You could also do something similar with RRV: Each round a voterâs vote weight is evenly split between each previous candidate (proportional to the score they gave that candidate) as well as to themselves for giving to future candidates (so treat the voter as itâs own candidate in this process for which they rate themselves a 5). To me, this way of understanding RRV is no more meaningful then the raw mathematical definition because to me any system where votes are cast anonymously (thus the voting method canât distinguish which vote was cast by myself and decide to give me twice as much weight as any other voter with the preferences would normally get throughout the process, and I would contend that this is the right way to think of one-person-one-vote because itâs political implications align the most with the political implications of violating the version of one-person-one-vote that the average voter is used to. Ex. the dictatorship method clearly violates one-person-one-vote). But to you this alternative way of looking at RRV might be of some value.

Thatâs why I donât refer to them as rigorously defined criteria. I have never said you canât do that without violating Thiele or to preserve Thiele in this instance you must do this. When I want to point out how one method is deviating away from one of these philosophies in an undesirable way objectively, then I find or create an objective criteria that one of the concepts passes and the method in question doesnât (ex. independence of irreverent ballots). You have defined and used youâre vote unitary concept as a criterion.

This is good and insightful but it is the first I am hearing of it. I think a page justifying Thiele systems with explanations like this is really needed. Nearly all people view RRV as a formula with no justification from a philosophical point of view. Like I said, I was unaware of it until this year. I do however think the RRV explanation is less compelling than the SDV explanation but I am glad there is at least a way to word it.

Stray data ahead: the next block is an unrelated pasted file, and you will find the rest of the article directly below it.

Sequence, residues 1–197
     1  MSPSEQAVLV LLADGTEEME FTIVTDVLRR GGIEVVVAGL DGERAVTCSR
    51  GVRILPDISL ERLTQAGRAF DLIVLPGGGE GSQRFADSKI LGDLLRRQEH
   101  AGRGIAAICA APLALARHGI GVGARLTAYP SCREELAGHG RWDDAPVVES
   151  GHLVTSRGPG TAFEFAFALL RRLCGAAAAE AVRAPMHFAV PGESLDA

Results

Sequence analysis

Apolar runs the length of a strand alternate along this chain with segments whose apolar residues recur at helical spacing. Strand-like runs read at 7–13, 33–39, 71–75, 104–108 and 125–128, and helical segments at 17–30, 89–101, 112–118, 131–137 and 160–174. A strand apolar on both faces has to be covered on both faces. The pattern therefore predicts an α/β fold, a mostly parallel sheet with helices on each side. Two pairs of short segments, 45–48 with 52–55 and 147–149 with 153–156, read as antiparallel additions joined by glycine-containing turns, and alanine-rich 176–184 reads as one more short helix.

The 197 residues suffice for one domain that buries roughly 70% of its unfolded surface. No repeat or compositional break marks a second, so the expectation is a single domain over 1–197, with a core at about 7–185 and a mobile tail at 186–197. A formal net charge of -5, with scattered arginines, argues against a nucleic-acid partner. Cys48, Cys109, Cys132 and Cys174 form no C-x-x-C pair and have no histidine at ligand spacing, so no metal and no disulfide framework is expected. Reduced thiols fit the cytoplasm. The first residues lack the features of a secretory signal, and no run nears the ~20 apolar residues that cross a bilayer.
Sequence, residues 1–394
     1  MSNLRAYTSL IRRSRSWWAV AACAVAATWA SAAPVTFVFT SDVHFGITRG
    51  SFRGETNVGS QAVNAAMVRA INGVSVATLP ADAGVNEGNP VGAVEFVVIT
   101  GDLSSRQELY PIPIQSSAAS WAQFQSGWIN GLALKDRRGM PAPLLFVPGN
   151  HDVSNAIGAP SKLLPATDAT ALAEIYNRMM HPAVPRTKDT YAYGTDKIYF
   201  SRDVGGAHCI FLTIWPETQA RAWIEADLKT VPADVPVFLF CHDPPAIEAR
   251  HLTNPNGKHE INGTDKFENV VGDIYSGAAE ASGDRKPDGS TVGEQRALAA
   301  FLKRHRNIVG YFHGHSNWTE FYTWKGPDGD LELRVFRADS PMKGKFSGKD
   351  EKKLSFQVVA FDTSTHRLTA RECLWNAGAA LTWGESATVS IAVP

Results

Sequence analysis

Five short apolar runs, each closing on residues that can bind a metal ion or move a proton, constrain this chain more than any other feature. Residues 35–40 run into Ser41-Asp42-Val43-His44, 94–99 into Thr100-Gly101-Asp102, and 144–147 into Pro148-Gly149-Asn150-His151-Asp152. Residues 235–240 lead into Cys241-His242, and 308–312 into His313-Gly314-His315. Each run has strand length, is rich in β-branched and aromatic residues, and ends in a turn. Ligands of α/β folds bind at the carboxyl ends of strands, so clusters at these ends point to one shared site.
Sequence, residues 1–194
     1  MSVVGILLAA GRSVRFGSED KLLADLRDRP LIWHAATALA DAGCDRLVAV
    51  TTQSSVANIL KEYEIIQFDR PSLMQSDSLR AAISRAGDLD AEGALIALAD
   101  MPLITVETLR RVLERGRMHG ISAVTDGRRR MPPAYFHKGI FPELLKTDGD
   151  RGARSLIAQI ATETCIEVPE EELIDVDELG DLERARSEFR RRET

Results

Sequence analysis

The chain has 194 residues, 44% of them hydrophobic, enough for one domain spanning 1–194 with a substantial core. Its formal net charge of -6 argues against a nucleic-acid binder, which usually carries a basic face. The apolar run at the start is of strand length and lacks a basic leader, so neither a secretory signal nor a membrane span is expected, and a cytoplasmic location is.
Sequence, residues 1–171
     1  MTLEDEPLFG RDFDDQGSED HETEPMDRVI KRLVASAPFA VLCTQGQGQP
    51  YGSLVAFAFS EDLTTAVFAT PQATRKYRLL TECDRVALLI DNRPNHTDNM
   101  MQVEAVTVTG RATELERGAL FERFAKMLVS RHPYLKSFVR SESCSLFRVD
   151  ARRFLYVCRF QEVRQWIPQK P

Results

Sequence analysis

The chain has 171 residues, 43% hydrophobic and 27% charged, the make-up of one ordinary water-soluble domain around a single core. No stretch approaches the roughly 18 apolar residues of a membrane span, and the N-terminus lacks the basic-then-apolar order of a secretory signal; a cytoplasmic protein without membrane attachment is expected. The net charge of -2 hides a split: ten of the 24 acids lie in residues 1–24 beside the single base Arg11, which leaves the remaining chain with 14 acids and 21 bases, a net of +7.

I guess that is fair but I would argue that it would be better for Thiele type systems to start talking about even distribution of votes. SSS does not do this just like how RRV does not use the unitary mechanism. I think that I likely over stated vote unitarity because I did not know that there was such a concept for Theile systems. I find the concept of Vote Unitarity very compelling but others may not. And then there is Monroe and Phragmen systemsâŚ

There was a thread a while back where we were trying to define each philosophy in a short phrase. Some of that made it onto this page. The lines between Phragmen and Thiele are a little blurred and Unitarity is sort of an extension of Monroe.

I do not see how such a philosophy really differs from criteria when you get right down to it. Especially the fake criteria like LNH. Of these 4 PR philosophies there should be one that you like the best. It is sort of like the choice between Majoritarianism and Utilitarianism. If somebody invents a system and I do not prefer it because it is majoritarian and not Utilitarian it is sort of like saying I do not like it because it is not Unitary. I could even take it a step further. Participation and Quota criteria are basically incompatable. When I say I want a system to pass hare quota I am saying I care more about the philosophical implications of that then participation. Same as when I say I like Unitary systems over Thiele systems. There is just dissagreeemnt about which criteria even matter. People cant even rally behind the important ones like CloneÂ­proof, MonoÂ­tone and ConsisÂ­tency